During our trustees’ visit to Cameroon in November 2019, we saw at first hand some of the appalling situations of the anglophone Internally Displaced People (IDPs), thousands of whom had fled their homes, farms and businesses in the NW and SW regions in order to escape the violence of the on-going conflict. We decided to try to raise sufficient funds to provide emergency relief to 1000 of them. It was a very tall order and we wondered if we had been too ambitious. We needed to raise just over £80,000 as quickly as possible – so we set about launching a Special Appeal in December. We were amazed and delighted when supporters from Clymac, Lead Forensics and AidCamps International provided us with sufficient funds to allow us to make a successful bid for matched funding from a charitable Foundation – and by the beginning of March, we had reached our target and the emergency relief package was set in motion.
It was a very tricky and delicate situation for our partner, SHUMAS, to negotiate, but they really have managed to work miracles. Mattresses, mosquito nets, water and sanitation kits, water purification systems, first aid kits and delivery kits have all been taken to communities in the hard-to-reach jungle and bush areas where IDPs have fled for safety.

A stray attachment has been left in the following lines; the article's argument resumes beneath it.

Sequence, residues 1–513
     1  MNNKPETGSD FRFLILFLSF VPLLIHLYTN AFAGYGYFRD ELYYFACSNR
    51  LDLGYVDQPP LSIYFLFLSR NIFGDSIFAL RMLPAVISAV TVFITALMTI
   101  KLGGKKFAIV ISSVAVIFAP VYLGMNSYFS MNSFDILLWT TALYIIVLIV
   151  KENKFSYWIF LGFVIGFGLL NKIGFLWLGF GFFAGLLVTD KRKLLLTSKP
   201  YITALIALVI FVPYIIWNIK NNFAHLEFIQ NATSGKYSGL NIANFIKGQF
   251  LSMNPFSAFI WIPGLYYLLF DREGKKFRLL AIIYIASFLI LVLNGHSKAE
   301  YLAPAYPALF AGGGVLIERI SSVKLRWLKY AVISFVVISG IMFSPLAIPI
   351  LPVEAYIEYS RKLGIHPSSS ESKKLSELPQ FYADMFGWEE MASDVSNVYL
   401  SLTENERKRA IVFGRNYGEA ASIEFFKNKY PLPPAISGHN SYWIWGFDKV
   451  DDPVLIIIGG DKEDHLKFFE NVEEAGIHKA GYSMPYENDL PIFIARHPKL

It has been a monumental task involving a network of volunteers carrying much of the equipment on their heads for miles. There has been training for traditional birthing attendants and first aiders as well as training in water purification, sanitation and hygiene practices. Adolescent girls and women have been trained in the production of re-useable sanitary pads and have received education about Gender Based Violence and information on how they can get help. All the IDPs have received counselling on social cohesion and peace-building. Groups of women farmers have been re-trained in poultry rearing and have been given start-up materials for new businesses so that livelihoods can be re-established for their families.
Living conditions in these communities have been dire for the past three years: many of the IDPs are malnourished and very vulnerable to malaria, cholera and typhoid. Thanks to the generosity of our supporters, things are gradually improving for them and there is some hope for the future.